Microneedling

Radiofrequency, Chemical Peels, and More Ways to Upgrade Your Microneedling Treatment

Microneedling treatments

Microneedling is one of those treatments that enjoys serious mass appeal, likely because it can handle improving the appearance of almost everything, from crow’s feet to acne scars. The secret? Damage your skin, but just a little. “Microneedling stimulates collagen production using small, sterile needles,” says Tania Peters, MD, a board-certified dermatologist in Washington, DC. These tiny needles create microscopic injuries within skin, which trigger the body’s healing reaction — ergo a bump in collagen production.

Its popularity also likely has to do with its exact method of injury. “What’s great about microneedling is that it doesn’t have heat and it doesn’t have a laser,” explains Kate Zibilich Holcomb, MD, a board-certified dermatologist in New Orleans, Louisiana. “That allows us to treat multiple skin types, including very dark-skinned patients.” On top of that, its small, pen-like tip allows it to treat smaller areas, such as around the eyes, too.

While microneedling alone is pretty powerful, it can also be paired with other treatments to maximize its benefits. (Exhibit A: Morpheus8TM — but we’ll get to that later.) From chemical peels to radiofrequency, the right combination can amplify its effects and turn it into an even more targeted procedure. Here, some derm-approved pairings and what they can do for your skin.

Editor's Note

As always, talk to your doctor before starting any new treatment.

The Addition: Radiofrequency, such as Morpheus8

What It’s Good for: Improving skin texture

Why It Works: While microneedling uses needles to spur collagen production, “radiofrequency produces heat in the treatment area,” says Dr. Peters. “This heat further stimulates new collagen.” In doing so, radiofrequency can tighten and remodel the tissue to smooth out wrinkles and scars alike. For that reason, microneedling RF tends to best for those over 40, says Dr. Holcomb, although it depends on the patient. (For those under 40, microneedling alone usually does the trick.) The only exception is if you’re trying to improve more stubborn conditions, like acne scars, stretch marks, and general scarring — in that case, microneedling RF may be your best bet whatever your age. Ask your doctor about devices like Morpheus8, which has radiofrequency built-in to boost its collagen-production power.

The Addition: Pulsed dye lasers

What They’re Good For: Reducing redness

Why They Work: While microneedling can help with textural issues, it’s not quite as good at targeting discoloration. For those who have redness — typically from rosacea or acne — getting a vascular laser to address broken capillaries and other forms of redness in the weeks prior to microneedling may have a benefit. “We’re often doing vascular lasers to break up broken blood vessels, help with overall redness, and to help with redness from acne scarring,” Dr. Holcombe says. So, lasering and then microneedling once you have healed can have more thorough results. The only consideration is that the laser may extend the downtime, which is usually minimal with microneedling.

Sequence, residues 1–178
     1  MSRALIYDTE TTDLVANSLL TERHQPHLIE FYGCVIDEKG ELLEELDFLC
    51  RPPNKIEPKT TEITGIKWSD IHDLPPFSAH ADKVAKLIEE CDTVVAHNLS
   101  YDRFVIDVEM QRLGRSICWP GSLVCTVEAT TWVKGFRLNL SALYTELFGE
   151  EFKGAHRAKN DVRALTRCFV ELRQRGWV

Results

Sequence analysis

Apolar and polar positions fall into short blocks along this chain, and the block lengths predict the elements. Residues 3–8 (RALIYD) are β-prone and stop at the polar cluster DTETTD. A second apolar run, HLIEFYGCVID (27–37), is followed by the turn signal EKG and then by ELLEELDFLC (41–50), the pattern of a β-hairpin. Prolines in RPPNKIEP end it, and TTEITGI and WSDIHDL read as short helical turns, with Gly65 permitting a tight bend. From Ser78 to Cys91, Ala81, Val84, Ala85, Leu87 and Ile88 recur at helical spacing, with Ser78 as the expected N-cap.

The Addition: Skin resurfacing treatments

What They’re Good For: Helping to clear pores

Why They Work: Microneedling isn’t the greatest addition for congested pores, since it could potentially spread any bacteria and gunk that could potentially lead to breakouts and even more clogs. For that reason, Dr. Peters will often prep skin with a resurfacing treatment, such as DiamondGlowTM, to help clear out pores a week or two before microneedling. “Some patients will even do a series of these [in the weeks] prior to microneedling,” says Dr. Peters. “These treatments help to remove dirt, oils, dead cells, and improve clogged pores.”

The Addition: Chemical peels

What They’re Good For: Improving acne scars and dark spots

Why They Work: Anyone who’s had a breakout can attest to the scars and dark spots acne can leave in its wake. That is where chemical peels can shine, particularly when combined with other treatments. “Alternating between chemical peels and microneedling can help improve both skin tone and skin texture,” says Dr. Peters. In her office, she’ll usually alternate three or four chemical peel treatments with microneedling sessions over several weeks in order to even out skin tone.


DiamondGlowTM is an Allergan®-owned treatment.

Uses

The DiamondGlowTM device is a general dermabrasion device that gently removes the top layer of skin and delivers topical cosmetic serums onto the skin.

Important Safety Information

The DiamondGlowTM treatment is not for everyone. You should not have a DiamondGlowTM treatment if you have compromised skin quality. Tell your provider if you are pregnant or lactating, or if you have any medical conditions, including allergies, and if you are using topical medications on the area to be treated.

Typical side effects include a scratchy, stinging sensation during the treatment and temporary tightness, redness or slight swelling after the treatment. Rare serious side effects may also occur and include severe skin irritation and allergic reactions.

SkinMedica® Pro-Infusion Serums Disclaimer

SkinMedica® Pro-Infusion Serums are intended to meet the FDA’s definition of a cosmetic product, an article applied to the human body to cleanse, beautify, promote attractiveness, and alter appearances. These products are not intended to be drugs that diagnose, treat, cure, or prevent any disease or condition. These products have not been approved by the FDA and the statements have not been evaluated by the FDA.

Please talk to your provider for additional information. 

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